You know, I was really getting use to those big rocks, the grass and the mudflats of Torngat; but now the landscape is changing: a big cliff is in our way, and going all the way around it wasn’t in our initial plans.
The bushes are so high that they grow long past our waists, and the branches are so thick and stiff that they won’t bend to let us through. This slows us down quite a bit, but I know because we are not following a path this kind of change can easily arise, and from this moment on I have to say this happens much more often that I would have thought!
Struggling through bushes and mudflats, steep hills and big rocks, makes the hike quite challenging. The sky isn’t blue anymore and the wind picks up, blowing much harder. The rain starts to fall and my shell comes in handy in protecting me and my camera, we just started our third day of the trek and I really don’t want to loose anything—not camera, not the photos from this once-in-a-lifetime trip. Yet the rain isn’t so bad; we’re soaking wet but it’s helping to cool our bodies and speed up our pace.
Ironically, just as the rain starts to end the path gets tougher and tougher, and now I really begin to feel like I’m Mordor—you know…from The Lord of the Rings…and if you’ve seen the movies you get the point: the rocks start to appear blacker and darker, and you can see how the topography and weather have sculpted and shaped them over time: they have sharp edges, are almost blades, and spring from the ground almost vertically, with their edges making each step dangerous. Falling was not an option! And yet…the sharp black blades crack and shatter under our feet, as if they’re more like glass or ice than rock, putting a strain on my shoes and slowing down our pace.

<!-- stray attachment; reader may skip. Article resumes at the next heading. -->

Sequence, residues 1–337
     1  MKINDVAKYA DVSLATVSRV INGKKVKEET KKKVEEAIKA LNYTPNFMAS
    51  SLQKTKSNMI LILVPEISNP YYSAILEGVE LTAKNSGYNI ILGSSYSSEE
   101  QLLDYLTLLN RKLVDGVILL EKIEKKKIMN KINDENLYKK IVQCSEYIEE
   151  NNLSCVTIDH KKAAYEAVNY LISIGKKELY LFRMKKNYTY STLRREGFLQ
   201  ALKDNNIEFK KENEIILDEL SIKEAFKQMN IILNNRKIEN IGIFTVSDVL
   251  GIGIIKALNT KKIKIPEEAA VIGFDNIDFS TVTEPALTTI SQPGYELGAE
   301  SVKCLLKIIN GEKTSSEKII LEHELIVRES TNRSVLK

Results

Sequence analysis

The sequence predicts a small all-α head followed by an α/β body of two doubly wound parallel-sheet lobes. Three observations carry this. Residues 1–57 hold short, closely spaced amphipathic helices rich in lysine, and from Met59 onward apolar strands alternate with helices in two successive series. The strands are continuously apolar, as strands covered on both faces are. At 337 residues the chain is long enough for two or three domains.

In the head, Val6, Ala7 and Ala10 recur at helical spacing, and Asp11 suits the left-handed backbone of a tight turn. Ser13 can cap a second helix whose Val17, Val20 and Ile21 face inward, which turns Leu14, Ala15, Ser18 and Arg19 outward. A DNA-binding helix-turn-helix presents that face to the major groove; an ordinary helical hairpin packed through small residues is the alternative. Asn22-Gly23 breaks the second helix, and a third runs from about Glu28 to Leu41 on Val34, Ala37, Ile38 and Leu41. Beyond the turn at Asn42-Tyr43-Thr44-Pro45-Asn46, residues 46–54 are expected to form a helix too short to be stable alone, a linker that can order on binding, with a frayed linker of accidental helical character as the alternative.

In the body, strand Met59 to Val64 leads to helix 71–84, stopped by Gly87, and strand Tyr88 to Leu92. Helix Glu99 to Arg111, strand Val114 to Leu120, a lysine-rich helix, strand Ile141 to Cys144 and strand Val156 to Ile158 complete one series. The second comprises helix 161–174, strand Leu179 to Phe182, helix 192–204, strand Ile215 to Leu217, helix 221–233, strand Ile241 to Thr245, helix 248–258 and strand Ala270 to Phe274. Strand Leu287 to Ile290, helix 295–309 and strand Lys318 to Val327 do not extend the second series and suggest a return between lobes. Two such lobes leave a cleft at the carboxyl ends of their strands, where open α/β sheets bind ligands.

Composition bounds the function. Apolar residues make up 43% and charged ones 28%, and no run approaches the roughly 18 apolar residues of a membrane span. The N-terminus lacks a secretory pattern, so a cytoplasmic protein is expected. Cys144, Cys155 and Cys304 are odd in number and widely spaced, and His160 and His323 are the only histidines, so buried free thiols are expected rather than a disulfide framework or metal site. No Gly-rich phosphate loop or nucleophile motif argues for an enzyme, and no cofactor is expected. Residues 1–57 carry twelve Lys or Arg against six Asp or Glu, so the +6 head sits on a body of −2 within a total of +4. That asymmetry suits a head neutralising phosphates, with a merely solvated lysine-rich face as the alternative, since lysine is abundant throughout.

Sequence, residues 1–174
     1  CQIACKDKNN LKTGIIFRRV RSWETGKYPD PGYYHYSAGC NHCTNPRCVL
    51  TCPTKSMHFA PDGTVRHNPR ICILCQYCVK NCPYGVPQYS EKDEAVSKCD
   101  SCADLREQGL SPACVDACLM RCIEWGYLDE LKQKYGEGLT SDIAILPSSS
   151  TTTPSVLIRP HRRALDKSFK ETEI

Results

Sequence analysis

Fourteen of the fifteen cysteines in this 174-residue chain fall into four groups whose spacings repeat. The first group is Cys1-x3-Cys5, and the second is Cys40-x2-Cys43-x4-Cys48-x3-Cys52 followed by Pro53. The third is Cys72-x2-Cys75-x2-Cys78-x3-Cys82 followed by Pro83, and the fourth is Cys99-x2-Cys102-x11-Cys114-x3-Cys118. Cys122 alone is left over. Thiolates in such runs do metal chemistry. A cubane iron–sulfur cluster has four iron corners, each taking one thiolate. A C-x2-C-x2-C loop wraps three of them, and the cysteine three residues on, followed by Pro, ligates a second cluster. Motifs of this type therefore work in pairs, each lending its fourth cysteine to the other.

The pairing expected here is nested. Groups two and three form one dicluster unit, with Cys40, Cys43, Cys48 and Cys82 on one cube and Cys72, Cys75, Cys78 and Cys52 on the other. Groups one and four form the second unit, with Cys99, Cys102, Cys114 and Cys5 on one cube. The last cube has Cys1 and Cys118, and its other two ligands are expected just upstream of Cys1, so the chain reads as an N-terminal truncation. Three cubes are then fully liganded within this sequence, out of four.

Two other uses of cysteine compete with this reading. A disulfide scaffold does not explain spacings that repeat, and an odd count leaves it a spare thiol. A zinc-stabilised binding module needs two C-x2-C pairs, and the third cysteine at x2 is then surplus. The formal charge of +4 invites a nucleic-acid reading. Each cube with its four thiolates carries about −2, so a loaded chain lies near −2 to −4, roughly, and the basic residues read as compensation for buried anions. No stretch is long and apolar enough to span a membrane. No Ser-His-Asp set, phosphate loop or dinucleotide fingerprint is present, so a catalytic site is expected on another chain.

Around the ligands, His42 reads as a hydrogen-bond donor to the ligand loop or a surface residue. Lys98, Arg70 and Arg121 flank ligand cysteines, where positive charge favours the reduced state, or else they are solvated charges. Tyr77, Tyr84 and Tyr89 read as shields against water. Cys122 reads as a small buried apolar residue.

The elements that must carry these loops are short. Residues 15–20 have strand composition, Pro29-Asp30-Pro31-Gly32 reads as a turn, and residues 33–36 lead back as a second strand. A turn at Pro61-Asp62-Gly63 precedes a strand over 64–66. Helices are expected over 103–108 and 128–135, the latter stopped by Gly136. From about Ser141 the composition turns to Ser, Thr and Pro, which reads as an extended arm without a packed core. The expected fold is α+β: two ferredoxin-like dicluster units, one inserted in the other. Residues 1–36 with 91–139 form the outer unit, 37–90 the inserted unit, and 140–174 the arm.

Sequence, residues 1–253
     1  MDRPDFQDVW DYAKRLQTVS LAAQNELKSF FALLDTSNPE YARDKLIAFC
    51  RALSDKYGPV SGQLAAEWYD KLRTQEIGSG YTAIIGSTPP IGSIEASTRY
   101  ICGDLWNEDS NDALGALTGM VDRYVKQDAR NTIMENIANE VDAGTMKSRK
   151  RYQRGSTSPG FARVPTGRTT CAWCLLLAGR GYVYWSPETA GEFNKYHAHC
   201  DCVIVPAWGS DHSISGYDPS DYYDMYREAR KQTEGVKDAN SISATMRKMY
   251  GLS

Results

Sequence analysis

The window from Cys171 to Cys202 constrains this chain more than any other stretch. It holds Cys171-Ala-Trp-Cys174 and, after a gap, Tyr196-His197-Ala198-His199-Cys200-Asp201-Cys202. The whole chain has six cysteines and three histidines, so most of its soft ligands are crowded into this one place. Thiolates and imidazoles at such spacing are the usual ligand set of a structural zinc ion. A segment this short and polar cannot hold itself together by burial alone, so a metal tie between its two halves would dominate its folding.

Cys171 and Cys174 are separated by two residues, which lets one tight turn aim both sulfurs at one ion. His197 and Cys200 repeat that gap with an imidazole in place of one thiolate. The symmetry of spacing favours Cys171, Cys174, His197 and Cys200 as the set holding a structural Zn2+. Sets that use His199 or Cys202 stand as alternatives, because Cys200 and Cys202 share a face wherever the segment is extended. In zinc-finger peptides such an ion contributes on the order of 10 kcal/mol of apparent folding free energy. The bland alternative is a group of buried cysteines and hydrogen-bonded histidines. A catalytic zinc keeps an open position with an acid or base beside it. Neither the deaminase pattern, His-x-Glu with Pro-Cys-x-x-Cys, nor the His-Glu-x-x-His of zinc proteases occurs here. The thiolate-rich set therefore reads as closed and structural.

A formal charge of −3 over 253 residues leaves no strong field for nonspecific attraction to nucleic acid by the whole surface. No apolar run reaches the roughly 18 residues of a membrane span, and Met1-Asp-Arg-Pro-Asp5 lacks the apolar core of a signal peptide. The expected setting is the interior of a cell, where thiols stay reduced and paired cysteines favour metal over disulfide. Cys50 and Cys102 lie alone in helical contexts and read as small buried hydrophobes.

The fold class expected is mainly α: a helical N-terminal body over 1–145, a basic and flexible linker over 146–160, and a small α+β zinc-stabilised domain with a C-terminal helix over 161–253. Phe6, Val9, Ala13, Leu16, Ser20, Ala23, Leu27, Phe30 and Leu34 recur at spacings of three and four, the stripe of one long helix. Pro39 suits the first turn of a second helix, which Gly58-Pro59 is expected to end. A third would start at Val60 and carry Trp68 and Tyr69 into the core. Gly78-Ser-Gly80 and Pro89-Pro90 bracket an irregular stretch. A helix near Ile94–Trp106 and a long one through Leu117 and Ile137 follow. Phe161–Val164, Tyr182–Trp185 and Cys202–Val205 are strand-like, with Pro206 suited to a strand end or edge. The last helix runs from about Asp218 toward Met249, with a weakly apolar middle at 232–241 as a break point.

Eli would hike with poles, and I have to say I used them too. Andrew did not! With all his weight, with the rifle, he would simply but carefully put one foot in front of the other, and even though his movements seemed slow to me in the field he would always be way ahead of us. Steep hills, rivers, rocks, bushes…Andrew’s pace never wavered, never slowed down, he is tough! Even with all my physical training trying to keep pace with him was hard. As for Eli—well, he is 57 years old, had a backpack heavier than mine, a rifle, ammo, food and a big, big tent—and I can say, keeping to his pace was also a real challenge.
On day 3, I got a good sense of how everything on a path can change in one single day: sun, wind, rain, hills, river crossings, bushes, and our first encounter with a bear! But this, dear reader, is for the next page of my diary. Should keep you guys hooked for a bit!